Mineral rights in Canada

The Mineral Corner

Welcome to the first edition of “The Mineral Corner” where we take an opportunity to dig deep into freehold mineral right ownership in Canada, specifically related to petroleum  and natural gas. We will be discussing current events, trends, ownership challenges and some management tips for the average freehold mineral right owner.

In Canada, mineral rights are owned by either government entities (referred to as Crown) or private individuals/corporations (referred to as freehold). Across all of Canada, approximately 89 per cent of land is Crown and the remaining 11 per cent is freehold.

Freehold mineral rights are an estate in real property and hold the right of the owner to exploit, mine, and/or produce any or all of the minerals lying below the surface of the property. Mineral rights include all organic and inorganic substances that form part of the soil with the exceptions of sand, gravel and subsurface water.

Exploring and developing oil and gas is technically complex, costly and thus a very risky endeavor for the average individual. Most owners of freehold mineral rights, including government, are not prepared to take the risk in developing their own resources. In the case of individual owners of freehold mineral rights, most are risk-adverse and very few have the technical training, experience and typically, the financial resources. In most cases, freehold mineral right owners rely on leasing (contractual obligation) their mineral rights to resource companies for the efficient and economic extraction of oil & gas.

Provincial government entities across Western Canada host scheduled crown mineral right auctions, designed to generate economic activity and maximum revenues while setting a standardized royalty regime for all resource companies that wish to develop petroleum & natural gas in Western Canada. Each provincial entity has the right to structure their royalty regime in a manner of which they prefer. In Saskatchewan, the crude oil royalty regime is dependent on the type of fluid being produced (heavy, southwest designated oil  and non-heavy oil), monthly well production, oil price factors, production tax factor and a Saskatchewan resource credit – all of which are further explained at www.economy.gov.sk.ca. The Saskatchewan government implements royalty incentives (2.5 per cent royalty on a specific volume of oil production) to promote E&P companies and spur on economic activity. Royalty incentives are based on the type of well drilled (horizontal/vertical, developmental/exploratory, deep/non-deep) whereby the largest incentive of 16,000 cubic metres of production is for exploratory deep horizontal wells. A vertical developmental non-deep oil well does not receive an incentive volume.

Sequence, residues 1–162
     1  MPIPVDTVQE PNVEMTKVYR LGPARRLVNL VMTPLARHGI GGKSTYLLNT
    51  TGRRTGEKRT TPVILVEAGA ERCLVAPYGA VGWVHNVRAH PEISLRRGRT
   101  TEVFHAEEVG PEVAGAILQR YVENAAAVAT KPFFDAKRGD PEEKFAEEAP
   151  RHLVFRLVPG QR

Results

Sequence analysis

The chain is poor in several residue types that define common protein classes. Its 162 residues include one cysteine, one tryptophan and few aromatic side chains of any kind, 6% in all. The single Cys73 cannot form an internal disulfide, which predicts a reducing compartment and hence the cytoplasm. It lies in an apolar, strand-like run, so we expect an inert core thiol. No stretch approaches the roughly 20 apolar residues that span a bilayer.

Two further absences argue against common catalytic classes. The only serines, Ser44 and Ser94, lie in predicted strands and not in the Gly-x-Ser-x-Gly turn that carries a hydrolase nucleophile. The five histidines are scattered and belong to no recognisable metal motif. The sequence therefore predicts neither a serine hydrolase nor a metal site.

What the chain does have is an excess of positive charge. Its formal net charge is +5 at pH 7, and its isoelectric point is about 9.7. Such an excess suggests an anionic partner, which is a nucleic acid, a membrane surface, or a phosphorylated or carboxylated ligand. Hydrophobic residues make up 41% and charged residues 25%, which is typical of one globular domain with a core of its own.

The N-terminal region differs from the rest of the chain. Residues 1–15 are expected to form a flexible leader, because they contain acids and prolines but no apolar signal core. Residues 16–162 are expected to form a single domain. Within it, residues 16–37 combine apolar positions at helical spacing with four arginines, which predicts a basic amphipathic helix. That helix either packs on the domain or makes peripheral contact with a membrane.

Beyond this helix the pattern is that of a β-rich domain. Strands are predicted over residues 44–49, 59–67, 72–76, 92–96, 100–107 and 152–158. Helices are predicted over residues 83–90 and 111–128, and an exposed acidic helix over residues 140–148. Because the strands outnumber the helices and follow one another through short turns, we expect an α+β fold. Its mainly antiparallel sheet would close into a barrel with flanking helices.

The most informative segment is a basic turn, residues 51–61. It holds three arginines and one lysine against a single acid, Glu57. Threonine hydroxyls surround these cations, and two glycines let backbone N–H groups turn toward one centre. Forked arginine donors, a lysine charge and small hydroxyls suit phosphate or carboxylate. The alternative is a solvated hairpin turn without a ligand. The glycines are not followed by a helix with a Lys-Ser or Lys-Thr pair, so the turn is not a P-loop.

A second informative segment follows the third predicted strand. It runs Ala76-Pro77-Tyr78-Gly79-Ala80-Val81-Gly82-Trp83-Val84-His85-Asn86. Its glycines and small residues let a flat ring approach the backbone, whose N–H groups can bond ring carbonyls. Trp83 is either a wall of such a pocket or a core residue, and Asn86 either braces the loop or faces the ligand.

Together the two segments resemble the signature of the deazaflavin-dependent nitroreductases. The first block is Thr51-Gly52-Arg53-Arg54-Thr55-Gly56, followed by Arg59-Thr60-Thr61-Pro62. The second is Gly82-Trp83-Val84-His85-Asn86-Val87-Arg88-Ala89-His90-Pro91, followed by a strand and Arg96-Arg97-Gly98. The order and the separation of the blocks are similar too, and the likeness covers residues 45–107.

Freehold mineral right owners typically lease their mineral rights to E&P companies by executing a CAPL (Canadian Association of Petroleum Landman) agreement. This agreement is a contractual obligation between the freehold mineral right owner and the resource company and define the terms of which each party wishes to work together. CAPL provides a base agreement of which the specific terms are then negotiated between the two parties. Bonus payments, royalty rates and term (length of lease) are the three major terms of the lease agreement; however, don’t pass over all of the additional terms that are defined in the agreement. The lease agreements is the most critical step to insuring that each party is comfortable working under the terms that are agreed to. If you’re unsure or uncomfortable with the lease agreement terms, please seek professional advice for support.

Watch for next month’s publication – Is my mineral lease offer fair?

Cameron Wyatt is the founder of Homestead Energy Ltd and MineralRights.ca with 15 years’ experience in the industry. He can be reached at cameron@mineralrights.ca.

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